While it functioned as St. Thomas church, services were held in the Lancasterian schoolhouse, which stood on St. Clair st., opposite the public library of today.  At time services were held in the homes of the members, and we find an occasional reference in the minutes to meetings held in the old courthouse.  But inability to secure or support a full-time rector discouraged the little band.  There was a gradual falling away in attendance.  “The old, old story of sadness was repeated,” the church historian assures us, “as the requiem of a promising church chanted in doleful strains from bleeding hearts at the time when that church had an opportunity of taking equal rank with other religious bodies.  For the want of a minister of God, the golden opportunity of the church in Dayton was lost, and Christians of other names outstripped in the race.”

     The last services of that decade of which there is any record were held in 1827, and from then until 1830, the Episcopal faith had no voice in the religious life of the struggling town.

     From the treasured records in the rectory we take another volume.  Its very covers bespeak the birth of a new hope in the community.  We lay back the seared and yellowed pages, and there under the date of Oct. 7, 1830, we rest our eyes upon a new and brighter picture. It tells of the visit of Rev. Ethan Allen, on a missionary tour of the southwestern counties of Ohio.

     It explains his mission; his visit to Judge Joseph Crane and Warren Munger, sr.  We can almost hear him say, as he approached them with hand extended in token of love and fellowship:  “I have come to spend Sunday in Dayton.  I would like very much to preach to all those who care to assemble.”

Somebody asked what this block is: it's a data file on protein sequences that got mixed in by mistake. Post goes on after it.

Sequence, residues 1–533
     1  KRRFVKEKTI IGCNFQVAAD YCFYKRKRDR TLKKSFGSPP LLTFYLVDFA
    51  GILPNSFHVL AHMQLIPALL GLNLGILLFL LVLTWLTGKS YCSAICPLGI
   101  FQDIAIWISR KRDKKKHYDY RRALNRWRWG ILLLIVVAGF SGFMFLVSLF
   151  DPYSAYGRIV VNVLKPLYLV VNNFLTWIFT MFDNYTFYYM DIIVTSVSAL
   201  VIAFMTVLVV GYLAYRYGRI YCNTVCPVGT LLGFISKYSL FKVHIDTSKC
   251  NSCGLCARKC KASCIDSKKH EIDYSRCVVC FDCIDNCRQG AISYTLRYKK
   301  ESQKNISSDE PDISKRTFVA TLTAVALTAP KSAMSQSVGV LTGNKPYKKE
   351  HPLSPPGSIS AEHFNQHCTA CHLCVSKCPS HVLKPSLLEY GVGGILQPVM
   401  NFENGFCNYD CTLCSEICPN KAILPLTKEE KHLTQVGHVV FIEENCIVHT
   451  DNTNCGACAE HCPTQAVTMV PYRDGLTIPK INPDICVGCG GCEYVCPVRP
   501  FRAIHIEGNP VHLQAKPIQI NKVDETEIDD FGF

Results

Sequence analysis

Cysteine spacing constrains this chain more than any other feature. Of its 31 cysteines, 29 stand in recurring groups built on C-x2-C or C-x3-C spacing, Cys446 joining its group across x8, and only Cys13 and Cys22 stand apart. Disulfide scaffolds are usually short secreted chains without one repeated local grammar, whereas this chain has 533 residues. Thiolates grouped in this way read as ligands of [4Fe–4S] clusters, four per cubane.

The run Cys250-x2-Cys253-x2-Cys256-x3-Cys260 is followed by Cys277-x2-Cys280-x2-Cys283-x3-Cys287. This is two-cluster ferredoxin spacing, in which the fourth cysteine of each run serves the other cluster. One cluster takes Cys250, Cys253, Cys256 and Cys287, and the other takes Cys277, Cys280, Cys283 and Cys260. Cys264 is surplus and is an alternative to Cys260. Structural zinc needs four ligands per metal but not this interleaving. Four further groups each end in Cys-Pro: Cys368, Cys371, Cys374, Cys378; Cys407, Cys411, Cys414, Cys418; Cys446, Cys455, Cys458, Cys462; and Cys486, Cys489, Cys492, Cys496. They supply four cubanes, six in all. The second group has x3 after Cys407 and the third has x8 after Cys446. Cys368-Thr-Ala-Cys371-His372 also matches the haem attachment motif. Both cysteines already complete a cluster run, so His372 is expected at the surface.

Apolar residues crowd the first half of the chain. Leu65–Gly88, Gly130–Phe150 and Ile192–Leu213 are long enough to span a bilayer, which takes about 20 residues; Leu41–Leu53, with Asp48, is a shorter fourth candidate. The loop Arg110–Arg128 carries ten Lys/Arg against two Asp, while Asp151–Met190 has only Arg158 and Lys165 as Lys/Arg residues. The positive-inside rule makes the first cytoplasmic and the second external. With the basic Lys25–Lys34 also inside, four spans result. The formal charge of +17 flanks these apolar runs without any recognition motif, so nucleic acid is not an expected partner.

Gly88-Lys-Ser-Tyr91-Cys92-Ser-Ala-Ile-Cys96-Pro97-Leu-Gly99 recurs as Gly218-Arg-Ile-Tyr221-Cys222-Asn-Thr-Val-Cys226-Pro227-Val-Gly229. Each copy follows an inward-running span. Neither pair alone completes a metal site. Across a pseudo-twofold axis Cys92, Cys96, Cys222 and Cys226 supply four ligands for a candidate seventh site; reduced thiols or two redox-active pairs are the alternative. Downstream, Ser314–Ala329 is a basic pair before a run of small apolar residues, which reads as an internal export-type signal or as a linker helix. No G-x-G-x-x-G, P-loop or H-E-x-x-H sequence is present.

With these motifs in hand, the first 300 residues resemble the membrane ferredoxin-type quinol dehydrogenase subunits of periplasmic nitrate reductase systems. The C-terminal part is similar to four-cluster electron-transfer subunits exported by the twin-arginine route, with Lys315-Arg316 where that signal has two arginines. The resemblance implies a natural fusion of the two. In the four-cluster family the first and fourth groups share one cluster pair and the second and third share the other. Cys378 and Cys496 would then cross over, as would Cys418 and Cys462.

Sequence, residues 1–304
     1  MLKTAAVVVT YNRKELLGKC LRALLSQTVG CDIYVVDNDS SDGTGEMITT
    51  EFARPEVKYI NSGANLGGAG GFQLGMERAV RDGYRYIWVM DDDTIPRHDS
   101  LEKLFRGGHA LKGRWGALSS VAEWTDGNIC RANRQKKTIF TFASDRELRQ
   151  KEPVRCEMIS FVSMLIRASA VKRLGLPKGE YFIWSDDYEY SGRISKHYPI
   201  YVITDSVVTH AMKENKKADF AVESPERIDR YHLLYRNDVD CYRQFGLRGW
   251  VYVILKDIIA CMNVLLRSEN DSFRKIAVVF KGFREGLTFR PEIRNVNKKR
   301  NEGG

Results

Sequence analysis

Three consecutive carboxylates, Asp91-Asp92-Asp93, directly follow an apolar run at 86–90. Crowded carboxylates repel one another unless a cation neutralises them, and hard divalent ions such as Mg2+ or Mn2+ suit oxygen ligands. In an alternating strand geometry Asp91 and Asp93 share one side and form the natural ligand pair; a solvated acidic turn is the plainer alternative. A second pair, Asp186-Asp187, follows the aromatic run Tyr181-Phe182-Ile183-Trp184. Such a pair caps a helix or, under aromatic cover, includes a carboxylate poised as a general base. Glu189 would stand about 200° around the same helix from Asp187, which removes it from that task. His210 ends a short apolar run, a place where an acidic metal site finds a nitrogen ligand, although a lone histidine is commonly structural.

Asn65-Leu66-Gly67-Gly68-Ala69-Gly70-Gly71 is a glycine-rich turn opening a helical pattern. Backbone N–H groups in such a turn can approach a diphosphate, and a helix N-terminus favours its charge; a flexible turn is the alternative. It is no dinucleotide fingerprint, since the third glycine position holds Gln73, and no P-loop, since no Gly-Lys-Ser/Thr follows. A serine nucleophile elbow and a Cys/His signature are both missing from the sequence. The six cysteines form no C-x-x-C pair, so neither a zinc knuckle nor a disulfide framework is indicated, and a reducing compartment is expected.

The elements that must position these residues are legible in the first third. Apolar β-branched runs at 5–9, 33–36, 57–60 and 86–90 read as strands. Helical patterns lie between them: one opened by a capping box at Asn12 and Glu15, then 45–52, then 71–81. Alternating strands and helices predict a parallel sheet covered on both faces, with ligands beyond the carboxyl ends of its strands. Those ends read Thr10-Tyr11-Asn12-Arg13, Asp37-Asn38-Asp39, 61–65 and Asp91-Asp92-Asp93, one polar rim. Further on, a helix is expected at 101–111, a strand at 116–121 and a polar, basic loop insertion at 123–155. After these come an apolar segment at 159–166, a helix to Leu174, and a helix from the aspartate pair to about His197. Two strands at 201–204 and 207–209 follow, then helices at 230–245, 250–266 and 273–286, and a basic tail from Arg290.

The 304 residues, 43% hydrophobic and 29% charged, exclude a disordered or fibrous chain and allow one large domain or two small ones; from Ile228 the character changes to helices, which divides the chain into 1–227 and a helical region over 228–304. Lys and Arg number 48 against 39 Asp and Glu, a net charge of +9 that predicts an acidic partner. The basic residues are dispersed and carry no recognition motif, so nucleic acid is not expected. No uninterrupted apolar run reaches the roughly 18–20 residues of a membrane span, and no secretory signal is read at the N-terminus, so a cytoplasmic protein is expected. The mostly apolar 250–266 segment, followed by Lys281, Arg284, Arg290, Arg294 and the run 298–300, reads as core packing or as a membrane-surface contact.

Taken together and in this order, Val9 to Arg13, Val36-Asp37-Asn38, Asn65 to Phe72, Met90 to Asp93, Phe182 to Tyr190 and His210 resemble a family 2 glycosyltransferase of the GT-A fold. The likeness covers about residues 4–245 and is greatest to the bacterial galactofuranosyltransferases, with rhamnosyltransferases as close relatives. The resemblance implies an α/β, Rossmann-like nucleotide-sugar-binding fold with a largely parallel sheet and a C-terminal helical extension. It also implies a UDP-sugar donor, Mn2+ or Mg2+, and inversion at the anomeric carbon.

But his hopes dissolved.  Members of the former congregation had been widely scattered.  There was not a sufficient number of the faithful to form a congregation for even this one service.  Heavy of heart he returned to the hotel, spent the night, and early in the morning hours mounted his horse and rode to the south.  Back to Cincinnati, downcast and discouraged went this pioneer worker in the vineyard of Christianity.  And another opportunity for planting the Episcopal doctrine in this part of the wilderness was lost.

     It is to the everlasting credit of the human race that it has from time immemorial boasted men who know no such word as defeat.  This pioneer missionary was one of them.  He had covered 400 miles on that gruelling trip through what was then little more than a wilderness.  But a few days of rest and prayer in Cincinnati found him ready for a more determined battle than he had yet waged.  Declining easier fields, he returned to Dayton in two weeks, and this time not to be repelled.  He visited among the families whose members had once been affiliated with the denomination he represented; he found them receptive to his plea.

     The old Presbyterian church at Third and Ludlow was procured, and on Sunday, Oct. 24, 1830, the Rev. Ethan Allen delivered two earnest sermons.  They must have been the most earnest, the most inspiring of his long and useful life.  For from them fell the seed that flourished and grew into the magnificent institution which now stands as a deep-rooted and substantial landmark in the field of local religious endeavor.